Penn State officials released Wednesday the terms of head football coach James Franklin’s new six-year contract, which calls for total guaranteed compensation of $35.4 million.
The announcement of the contract’s finances comes more than two months after the compensation committee of the university’s board of trustees approved the deal on Dec. 6.
Franklin, a Langhorne native who is entering his seventh season as Nittany Lions coach, will receive $5.4 million in the 2020 calendar year and $5.5 million in 2021. The contract then allows for raises of $250,000 in each of the next four years, to $6.5 million in 2025, the final year of the deal.
The 2020 compensation is actually less than the $5.65 million he earned last season, but it includes a $1 million annual loan for life insurance and a $300,000 retention bonus at the end of the year. A retention bonus of $500,000 is in effect for each of the next five years.
The contract also contains incentives of up to a maximum of $1 million annually. They range from $100,000 for being named Big Ten coach of the year to $800,000 for winning the national championship game.
Should Franklin leave Penn State for another coaching position in college or the NFL, the buyout would be $5 million in 2020. The buyout then would be reduced by $1 million each year to $1 million in 2024.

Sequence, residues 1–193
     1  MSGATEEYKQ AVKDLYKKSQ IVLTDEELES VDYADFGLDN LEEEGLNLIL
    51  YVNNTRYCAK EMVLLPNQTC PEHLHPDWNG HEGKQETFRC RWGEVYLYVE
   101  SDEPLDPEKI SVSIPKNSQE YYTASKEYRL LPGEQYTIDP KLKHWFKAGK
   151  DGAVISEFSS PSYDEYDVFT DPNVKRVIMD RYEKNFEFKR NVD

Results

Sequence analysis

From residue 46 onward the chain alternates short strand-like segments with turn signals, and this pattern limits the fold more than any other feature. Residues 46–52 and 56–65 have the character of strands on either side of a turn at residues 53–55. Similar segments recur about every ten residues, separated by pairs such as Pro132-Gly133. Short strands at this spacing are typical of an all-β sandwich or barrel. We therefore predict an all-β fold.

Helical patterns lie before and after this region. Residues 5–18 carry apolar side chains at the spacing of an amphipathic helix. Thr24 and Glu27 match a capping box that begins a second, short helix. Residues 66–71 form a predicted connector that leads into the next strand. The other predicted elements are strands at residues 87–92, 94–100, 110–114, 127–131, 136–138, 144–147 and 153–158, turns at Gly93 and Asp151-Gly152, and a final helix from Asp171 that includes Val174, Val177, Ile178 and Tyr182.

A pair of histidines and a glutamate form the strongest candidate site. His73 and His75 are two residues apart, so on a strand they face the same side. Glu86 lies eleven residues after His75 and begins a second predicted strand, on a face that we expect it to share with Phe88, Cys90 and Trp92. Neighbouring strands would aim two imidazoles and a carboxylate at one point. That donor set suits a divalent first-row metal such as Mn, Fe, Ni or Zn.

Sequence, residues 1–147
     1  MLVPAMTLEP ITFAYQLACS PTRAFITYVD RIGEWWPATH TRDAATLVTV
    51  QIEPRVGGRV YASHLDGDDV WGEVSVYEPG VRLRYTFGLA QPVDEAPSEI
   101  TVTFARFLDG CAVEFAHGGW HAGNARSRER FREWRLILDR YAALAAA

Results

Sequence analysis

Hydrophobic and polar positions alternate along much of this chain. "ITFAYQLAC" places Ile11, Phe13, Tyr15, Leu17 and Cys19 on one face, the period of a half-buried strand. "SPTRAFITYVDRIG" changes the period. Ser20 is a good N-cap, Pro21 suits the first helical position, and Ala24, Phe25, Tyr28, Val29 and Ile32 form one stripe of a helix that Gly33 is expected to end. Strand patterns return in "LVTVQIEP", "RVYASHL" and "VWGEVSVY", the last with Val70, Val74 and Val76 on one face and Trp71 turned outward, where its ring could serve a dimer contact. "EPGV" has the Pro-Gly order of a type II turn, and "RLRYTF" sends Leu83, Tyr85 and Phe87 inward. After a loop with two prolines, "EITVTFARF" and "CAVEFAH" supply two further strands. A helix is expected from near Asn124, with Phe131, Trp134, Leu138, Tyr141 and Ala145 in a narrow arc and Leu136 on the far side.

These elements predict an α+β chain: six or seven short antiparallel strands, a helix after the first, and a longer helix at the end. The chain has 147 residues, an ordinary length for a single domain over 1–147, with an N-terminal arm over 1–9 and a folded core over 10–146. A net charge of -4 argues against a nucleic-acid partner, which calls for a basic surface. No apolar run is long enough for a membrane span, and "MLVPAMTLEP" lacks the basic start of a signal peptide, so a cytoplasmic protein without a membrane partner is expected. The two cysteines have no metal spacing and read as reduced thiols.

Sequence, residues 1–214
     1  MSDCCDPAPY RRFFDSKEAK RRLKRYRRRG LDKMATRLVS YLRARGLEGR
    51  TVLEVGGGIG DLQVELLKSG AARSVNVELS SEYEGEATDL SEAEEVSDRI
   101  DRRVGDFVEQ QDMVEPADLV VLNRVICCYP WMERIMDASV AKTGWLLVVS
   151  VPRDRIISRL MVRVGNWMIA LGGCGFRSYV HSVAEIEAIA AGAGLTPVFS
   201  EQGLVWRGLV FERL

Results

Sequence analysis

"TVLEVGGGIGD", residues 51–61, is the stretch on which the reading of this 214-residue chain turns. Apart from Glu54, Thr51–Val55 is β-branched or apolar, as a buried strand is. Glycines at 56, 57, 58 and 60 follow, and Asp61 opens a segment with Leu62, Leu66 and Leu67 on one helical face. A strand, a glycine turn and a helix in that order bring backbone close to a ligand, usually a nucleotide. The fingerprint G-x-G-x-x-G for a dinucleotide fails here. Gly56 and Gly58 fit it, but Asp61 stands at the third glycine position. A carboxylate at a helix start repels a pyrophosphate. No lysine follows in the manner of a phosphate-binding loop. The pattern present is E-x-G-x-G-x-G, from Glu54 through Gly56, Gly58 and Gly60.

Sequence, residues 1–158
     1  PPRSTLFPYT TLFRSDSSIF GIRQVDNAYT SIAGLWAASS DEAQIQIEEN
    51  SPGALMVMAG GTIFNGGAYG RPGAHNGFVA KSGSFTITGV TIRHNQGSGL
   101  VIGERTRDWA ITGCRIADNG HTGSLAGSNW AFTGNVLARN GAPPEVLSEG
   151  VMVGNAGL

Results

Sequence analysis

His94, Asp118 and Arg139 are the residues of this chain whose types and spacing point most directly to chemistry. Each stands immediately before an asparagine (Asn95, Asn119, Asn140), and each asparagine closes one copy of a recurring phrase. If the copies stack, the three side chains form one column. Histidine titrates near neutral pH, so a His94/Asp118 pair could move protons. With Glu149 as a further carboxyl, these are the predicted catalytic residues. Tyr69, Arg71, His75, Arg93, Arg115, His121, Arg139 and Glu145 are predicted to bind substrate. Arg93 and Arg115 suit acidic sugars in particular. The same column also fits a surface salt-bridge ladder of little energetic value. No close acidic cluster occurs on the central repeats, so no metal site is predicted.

Under the new terms, Franklin remains third in the Big Ten in head-coach salary, behind Michigan’s Jim Harbaugh ($7.5 million) and Purdue’s Jeff Brohm ($6.6 million).
Franklin, 48, has compiled a 56-23 record with the Nittany Lions since taking over in 2014, including a 53-39 victory over Memphis in the Dec. 28 Cotton Bowl, the team’s third New Year’s 6 bowl in the last four years. Penn State finished the season 11-2 overall and 7-2 in the Big Ten East, good for second place.
The 11-win season was the Lions’ third since 2016, when they won the Big Ten championship.
As for why it was taking so long for the contract terms to be released, Franklin said earlier this month that there “really was no holdups or concerns or issues on either party” but that it was a matter “of going through all the red tape and verbiage of contracts like that.